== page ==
Mullah Krekar, the former leader of the al-Qaida-affiliated grup, Ansar al-Islam, has published his memoirs in Norwegian. The publisher is the very same man who probably was shot by Iranian agents for publishing Salman Rushdie.
Mullah Krekar has gained notoriety in Norway. A poll recently showed that he has contributed to an increased resentment against immigrants among Norwegians.
He was recently granted a substantial sum by the Dutch government for the time he spent in custody last year.
The book, «In my own words», were presented at a press conference today. The daily Dagbladet had obtained a copy and could present the 2_kommentar features of the book:
-«In my own words» is a book where mullah Krekar on the one hand presents himselv as a devoted holy warrior and a man who hates what the West stands for, writes Dagbladet.
Krekar says he tried to obtain money from Osama bin Laden during a meeting in Peshawar, but at the time bin Laden was busy in Afghanistan. Krekar later tried to reach him through the Palestinian Abdullah Azzam, one of the founding fathers of Al-Qaida. Azzam was later mysteriously killed.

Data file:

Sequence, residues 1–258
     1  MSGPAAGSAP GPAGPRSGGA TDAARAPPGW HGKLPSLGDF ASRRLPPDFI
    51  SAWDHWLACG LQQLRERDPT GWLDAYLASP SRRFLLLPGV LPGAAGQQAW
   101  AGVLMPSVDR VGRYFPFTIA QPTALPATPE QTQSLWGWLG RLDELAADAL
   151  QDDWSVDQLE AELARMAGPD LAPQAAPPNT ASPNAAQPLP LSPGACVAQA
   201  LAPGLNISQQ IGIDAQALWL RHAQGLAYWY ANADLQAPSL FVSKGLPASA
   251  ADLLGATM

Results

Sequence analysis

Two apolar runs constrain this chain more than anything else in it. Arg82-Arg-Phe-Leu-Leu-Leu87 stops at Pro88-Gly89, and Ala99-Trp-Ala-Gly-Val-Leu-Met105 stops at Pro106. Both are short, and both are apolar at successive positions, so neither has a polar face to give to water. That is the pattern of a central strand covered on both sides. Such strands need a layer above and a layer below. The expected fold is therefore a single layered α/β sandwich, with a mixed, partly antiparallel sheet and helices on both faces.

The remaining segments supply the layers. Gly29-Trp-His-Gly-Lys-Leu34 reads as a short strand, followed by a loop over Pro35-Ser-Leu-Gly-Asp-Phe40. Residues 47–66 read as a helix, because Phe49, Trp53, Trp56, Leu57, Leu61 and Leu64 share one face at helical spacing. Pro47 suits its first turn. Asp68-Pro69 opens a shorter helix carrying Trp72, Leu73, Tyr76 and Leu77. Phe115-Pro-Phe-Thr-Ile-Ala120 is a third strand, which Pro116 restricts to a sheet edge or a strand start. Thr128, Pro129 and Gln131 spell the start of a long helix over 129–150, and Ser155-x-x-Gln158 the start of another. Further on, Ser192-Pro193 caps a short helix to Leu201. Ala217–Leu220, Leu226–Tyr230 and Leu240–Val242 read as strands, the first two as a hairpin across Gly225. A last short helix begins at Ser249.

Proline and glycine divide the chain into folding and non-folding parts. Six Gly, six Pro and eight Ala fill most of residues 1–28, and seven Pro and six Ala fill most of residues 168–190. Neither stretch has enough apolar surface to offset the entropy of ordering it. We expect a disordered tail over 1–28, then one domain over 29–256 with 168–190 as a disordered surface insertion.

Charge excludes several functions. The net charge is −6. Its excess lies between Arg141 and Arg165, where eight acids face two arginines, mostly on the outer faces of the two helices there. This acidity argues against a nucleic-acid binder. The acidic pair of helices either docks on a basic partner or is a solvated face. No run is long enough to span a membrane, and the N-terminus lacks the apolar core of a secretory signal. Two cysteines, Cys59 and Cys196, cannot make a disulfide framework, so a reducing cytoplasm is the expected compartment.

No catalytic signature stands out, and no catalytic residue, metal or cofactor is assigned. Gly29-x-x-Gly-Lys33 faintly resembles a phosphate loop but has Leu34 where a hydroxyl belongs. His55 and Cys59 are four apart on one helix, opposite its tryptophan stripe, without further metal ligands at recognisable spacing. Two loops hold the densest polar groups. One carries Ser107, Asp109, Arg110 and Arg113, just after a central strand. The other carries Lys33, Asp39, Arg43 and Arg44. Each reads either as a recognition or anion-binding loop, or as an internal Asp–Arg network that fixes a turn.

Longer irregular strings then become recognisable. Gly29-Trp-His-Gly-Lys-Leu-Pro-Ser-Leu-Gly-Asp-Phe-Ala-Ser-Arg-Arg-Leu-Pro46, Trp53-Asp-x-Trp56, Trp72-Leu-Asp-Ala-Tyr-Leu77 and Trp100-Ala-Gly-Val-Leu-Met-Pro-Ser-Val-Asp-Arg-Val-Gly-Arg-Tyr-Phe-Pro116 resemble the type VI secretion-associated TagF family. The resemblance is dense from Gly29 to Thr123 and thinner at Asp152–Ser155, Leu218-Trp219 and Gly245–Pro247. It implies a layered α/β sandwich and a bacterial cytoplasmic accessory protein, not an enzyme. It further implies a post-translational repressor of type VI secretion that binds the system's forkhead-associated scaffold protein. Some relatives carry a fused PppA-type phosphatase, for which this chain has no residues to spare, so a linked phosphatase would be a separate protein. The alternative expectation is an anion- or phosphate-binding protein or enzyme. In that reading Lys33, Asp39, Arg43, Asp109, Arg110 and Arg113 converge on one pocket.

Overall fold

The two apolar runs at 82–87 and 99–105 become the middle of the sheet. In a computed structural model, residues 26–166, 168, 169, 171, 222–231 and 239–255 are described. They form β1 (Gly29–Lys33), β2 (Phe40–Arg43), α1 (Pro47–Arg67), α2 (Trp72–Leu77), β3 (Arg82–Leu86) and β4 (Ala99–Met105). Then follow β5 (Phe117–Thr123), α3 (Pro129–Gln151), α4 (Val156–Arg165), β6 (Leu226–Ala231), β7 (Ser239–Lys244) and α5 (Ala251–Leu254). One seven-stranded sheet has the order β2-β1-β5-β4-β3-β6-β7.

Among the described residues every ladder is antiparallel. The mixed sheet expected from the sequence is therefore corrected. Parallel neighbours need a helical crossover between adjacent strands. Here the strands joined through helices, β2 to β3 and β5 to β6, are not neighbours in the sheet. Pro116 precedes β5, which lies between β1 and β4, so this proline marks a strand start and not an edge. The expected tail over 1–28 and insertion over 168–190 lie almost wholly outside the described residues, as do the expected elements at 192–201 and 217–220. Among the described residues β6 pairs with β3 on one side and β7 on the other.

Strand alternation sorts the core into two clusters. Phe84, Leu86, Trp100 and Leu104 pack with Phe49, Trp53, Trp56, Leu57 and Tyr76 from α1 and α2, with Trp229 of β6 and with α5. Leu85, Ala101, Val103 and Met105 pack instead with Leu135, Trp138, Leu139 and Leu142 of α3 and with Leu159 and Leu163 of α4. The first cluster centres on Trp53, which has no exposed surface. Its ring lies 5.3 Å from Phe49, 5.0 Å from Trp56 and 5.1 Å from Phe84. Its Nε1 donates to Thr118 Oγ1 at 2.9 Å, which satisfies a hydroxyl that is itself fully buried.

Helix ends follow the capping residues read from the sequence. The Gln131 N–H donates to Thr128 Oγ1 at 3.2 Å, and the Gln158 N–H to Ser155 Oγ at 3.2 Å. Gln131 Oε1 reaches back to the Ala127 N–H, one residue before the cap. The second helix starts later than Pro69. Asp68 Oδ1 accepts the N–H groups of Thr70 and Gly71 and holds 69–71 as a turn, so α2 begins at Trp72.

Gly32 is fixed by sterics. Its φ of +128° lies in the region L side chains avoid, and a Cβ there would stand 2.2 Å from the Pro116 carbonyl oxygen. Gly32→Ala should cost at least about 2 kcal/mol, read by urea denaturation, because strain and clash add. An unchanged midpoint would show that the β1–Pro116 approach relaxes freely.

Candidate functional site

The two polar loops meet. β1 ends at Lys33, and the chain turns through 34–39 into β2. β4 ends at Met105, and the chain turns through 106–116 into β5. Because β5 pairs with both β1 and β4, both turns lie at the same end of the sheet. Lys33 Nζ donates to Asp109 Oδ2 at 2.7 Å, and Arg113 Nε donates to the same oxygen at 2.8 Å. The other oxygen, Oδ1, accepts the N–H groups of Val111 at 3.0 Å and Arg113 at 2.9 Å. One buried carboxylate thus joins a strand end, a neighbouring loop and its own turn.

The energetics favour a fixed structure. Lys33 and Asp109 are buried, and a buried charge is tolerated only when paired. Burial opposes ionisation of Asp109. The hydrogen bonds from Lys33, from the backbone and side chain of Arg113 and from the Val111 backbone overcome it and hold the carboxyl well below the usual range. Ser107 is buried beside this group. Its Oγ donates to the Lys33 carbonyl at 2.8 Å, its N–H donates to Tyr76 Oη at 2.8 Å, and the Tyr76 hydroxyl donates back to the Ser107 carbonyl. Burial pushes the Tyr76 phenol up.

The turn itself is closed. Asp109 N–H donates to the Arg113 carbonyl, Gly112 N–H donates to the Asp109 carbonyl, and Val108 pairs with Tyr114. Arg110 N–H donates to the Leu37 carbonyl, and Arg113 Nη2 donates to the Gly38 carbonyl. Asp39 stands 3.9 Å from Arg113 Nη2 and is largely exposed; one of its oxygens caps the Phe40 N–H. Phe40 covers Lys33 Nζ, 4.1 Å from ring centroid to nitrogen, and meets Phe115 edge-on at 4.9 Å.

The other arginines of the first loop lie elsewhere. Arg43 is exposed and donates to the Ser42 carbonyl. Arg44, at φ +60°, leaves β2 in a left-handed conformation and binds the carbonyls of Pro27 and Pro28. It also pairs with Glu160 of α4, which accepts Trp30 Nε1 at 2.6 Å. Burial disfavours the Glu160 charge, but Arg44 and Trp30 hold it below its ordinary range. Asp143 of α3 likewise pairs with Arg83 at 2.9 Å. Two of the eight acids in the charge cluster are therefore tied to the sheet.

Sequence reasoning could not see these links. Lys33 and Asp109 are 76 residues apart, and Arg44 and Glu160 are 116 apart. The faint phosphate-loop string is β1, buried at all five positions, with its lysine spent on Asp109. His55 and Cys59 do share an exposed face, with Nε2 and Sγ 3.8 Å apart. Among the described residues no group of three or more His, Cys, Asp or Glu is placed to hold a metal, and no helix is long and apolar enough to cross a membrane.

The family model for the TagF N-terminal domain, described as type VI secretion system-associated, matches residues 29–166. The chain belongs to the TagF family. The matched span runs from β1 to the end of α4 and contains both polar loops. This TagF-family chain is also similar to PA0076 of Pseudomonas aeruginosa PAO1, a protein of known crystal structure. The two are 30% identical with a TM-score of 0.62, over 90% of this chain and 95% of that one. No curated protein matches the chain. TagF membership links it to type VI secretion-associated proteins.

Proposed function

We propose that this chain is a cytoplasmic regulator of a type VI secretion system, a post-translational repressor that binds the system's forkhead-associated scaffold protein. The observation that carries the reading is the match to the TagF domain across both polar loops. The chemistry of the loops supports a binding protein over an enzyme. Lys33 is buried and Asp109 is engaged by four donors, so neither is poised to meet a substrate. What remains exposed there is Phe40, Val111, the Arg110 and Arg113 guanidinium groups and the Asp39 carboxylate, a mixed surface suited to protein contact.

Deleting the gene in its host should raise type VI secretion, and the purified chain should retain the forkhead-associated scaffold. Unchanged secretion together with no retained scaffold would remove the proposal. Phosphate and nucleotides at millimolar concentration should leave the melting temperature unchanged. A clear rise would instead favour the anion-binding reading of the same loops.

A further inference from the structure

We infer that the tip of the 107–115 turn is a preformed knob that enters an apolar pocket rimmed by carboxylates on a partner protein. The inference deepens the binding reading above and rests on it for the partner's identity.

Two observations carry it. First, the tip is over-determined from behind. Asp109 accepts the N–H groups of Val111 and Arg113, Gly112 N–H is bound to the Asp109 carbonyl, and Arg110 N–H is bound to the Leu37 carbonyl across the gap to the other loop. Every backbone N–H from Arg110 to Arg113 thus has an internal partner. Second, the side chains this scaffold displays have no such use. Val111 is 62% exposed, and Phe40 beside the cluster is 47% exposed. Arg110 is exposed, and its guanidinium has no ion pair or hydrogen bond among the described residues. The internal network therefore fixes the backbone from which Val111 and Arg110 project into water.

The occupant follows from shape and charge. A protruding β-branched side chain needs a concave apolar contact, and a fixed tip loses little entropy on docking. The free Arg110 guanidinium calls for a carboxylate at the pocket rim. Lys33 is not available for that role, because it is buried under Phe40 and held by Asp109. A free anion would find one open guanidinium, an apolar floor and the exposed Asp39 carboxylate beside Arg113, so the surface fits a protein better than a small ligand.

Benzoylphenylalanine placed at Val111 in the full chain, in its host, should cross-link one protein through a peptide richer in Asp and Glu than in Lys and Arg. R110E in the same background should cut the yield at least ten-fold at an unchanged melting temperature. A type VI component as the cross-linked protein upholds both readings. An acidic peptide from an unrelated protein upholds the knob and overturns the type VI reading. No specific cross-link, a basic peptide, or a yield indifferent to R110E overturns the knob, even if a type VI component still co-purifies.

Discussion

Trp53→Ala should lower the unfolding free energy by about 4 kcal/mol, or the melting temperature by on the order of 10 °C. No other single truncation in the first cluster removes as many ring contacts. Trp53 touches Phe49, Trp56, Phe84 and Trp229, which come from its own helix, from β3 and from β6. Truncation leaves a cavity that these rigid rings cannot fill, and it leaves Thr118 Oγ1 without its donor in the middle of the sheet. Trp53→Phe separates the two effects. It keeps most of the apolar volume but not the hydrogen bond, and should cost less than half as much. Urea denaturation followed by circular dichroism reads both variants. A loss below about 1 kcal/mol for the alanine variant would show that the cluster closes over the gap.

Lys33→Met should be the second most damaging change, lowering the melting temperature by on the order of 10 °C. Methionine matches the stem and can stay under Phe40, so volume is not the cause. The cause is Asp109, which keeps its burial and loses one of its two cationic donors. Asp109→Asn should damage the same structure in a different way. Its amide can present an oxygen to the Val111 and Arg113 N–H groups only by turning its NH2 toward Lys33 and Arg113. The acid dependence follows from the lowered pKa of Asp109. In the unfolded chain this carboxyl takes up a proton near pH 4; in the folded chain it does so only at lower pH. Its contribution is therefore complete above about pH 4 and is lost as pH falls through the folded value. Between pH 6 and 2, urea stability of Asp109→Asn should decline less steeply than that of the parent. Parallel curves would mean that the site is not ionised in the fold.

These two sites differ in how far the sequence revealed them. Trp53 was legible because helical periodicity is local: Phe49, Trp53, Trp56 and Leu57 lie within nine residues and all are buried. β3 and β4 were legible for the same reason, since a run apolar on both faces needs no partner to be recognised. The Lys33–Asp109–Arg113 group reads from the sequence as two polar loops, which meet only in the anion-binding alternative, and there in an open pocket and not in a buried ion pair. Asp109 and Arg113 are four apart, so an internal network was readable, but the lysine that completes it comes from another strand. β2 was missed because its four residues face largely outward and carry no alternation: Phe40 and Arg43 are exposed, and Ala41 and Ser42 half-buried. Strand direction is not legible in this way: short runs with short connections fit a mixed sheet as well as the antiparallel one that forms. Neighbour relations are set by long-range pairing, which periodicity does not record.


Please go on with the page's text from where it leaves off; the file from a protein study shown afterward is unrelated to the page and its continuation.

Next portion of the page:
In his book Krekar distances himself from 911, and says the killing of innocents is not compatible with islamic faith.
But he admires Al-Qaidas spiritual guide, Sayyed Qutb. He has no qualms about the killing of Egypt’s president Anwar Sadat, and supports holy war, jihad. Krekar wants to see the caliphate restored and the puppetregimes in the Arab world toppled and replaced by jihadists.
This program is almost identical to Al-Qaida’s. Krekar has lately navigated so as not to compromise himself in public opinion. But the review of his book leaves no doubt where he stands. The Norwegian court system has dropped terrorist charges and the latest case against him was thrown out because the court found that the testimonies from Northern Iraq were obtained under duress.
Krekar’s book was written in Arabic, translated into Norwegian, and is published by Aschehoug, the publishing house owned and run by the Nygaard family. William Nygaard was shot and severly wounded at his home in 1994. Police has never solved the case, but it is a commonly held view that the killing-order came from Teheran. Nygaard published The Satanic Verses and was close to Rushdie at the time.